ON THE AGENDA | APRIL 29TH, 2016 | Public Agenda

Engaging Ideas - 4/29

A collection of recent stories and reports that sparked consideration on ways to make progress on divisive issues.

Every week we curate stories and reports on complex issues including democracy, public engagement, opportunity, education and health care.


How Would You Spend $1 Million In Your Neighborhood? (WBEZ)

WBEZ Chicago city politics reporter Lauren Chooljian speaks with listeners about how they would spend the money, even if their aldermen aren’t participating.

Idea to retire: Technology alone fosters collaboration and networks (Brookings)

Jane Fountain writes: The fallacy that technology alone fosters collaboration and networks is so pervasive that I’ve written a white paper for the presidential transition recommending that the next administration include “management” as a key part of transition, specifically management to develop and sustain interagency collaboration. This paper notes the technology’s inability to foster collaborative networks by itself, and highlights an emerging ecosystem of institutions that support effective and sustainable collaboration across agencies. In the ecosystem, each organization fills a niche or specific role. These niche organizations interact to implement policies and manage initiatives across the federal government. While some dimensions of the ecosystem focus on information technology, most reinforce and support the many organizational changes that make interagency initiatives feasible and sustainable over time.


Constructive or Quixotic? Another Donor Devotes Millions to Improve Civic Discourse (Inside Philanthropy)

Repugnant and childish political mudslinging is as old as the country itself. Can a big university gift help to alter the dynamic that's seemingly embedded in our civic DNA? Jonathan and Lizzie Tisch, prefer to do something about it. The couple donated $15 million to the former Tisch College at the Medford, Massachusetts-based Tufts College, which will henceforth be known as the Jonathan M. Tisch College of Civic Life, whose goal is to "develop a comment of leaders who are able to rise above the fray and bring positive change to the public sphere."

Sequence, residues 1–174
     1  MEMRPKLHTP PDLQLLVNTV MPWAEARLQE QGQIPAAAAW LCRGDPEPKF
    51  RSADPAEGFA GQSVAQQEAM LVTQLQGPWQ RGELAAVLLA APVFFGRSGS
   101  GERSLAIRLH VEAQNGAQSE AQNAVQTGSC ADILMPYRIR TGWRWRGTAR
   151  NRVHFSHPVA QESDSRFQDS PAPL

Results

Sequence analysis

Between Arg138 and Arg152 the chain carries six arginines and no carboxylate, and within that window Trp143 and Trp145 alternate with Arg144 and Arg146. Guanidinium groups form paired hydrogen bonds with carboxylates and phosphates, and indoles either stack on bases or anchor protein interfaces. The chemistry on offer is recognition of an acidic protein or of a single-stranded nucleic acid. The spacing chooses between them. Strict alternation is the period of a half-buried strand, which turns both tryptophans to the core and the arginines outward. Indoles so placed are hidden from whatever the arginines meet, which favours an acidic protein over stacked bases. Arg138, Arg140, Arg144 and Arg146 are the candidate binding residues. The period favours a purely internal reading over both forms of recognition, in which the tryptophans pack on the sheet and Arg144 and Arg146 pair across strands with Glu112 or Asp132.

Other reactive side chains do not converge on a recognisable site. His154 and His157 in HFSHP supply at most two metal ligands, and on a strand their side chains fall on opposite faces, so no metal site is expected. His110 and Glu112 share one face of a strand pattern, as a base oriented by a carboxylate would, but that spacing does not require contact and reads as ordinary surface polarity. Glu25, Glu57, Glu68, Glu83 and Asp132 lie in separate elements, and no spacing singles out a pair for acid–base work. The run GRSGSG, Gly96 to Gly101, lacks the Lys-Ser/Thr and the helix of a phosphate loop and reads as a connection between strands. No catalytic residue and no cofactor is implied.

Why It’s Getting Harder to Learn What the Public Thinks (Governing)

Public officials need to understand how opinion research is evolving to meet modern challenges. Adam Davis, founder and principal of DHM Research writes: Done well -- using demographic quotas and statistical weighting to assure representative samples -- online panels should be accepted as a legitimate sample source for public-sector surveys.


Why is Productivity So Weak? Three Theories (The Upshot)

New data released Thursday showed that gross domestic product in the first quarter was up 1.9 percent over the previous year. Despite constant advances in software, equipment and management practices to try to make corporate America more efficient, actual economic output is merely moving in lock step with the number of hours people put in, rather than rising as it has throughout modern history.

Opinion: How the Other Fifth Lives (The New York Times)

Thomas B. Edsall writes: The trends at the top and the bottom are undermining cohesive politics, but more important they are undermining social interconnection as they fracture the United States more and more into a class and race hierarchy.

K-12 Education

Ed. Dept. Releases Resources for Youth Affected by Incarceration (EdWeek)

Early this week, The U.S. Department of Education announced grants and resources to help educators address the effects of incarceration on students and their families and also hosted a panel discussion on the issue.

Reporting Live From Miami: A Bunch Of Fourth-Graders Tell Their Teacher's Story (NPR)

NPR Ed asked the students in Marlem Diaz-Brown's class in Miami to tell the story of their "amazing" teacher.

Higher Education

What Do We Really Want To Attain? (Community College Week)

The state of Washington has set the highest ten-year attainment goals in the country. Its Legislature has mandated that the Washington Student Achievement Council oversee a roadmap which will lead to 70 percent of the state’s working-age citizens holding a college certificate or degree by 2023 and for 100 percent of the citizenry to earn a high school diploma.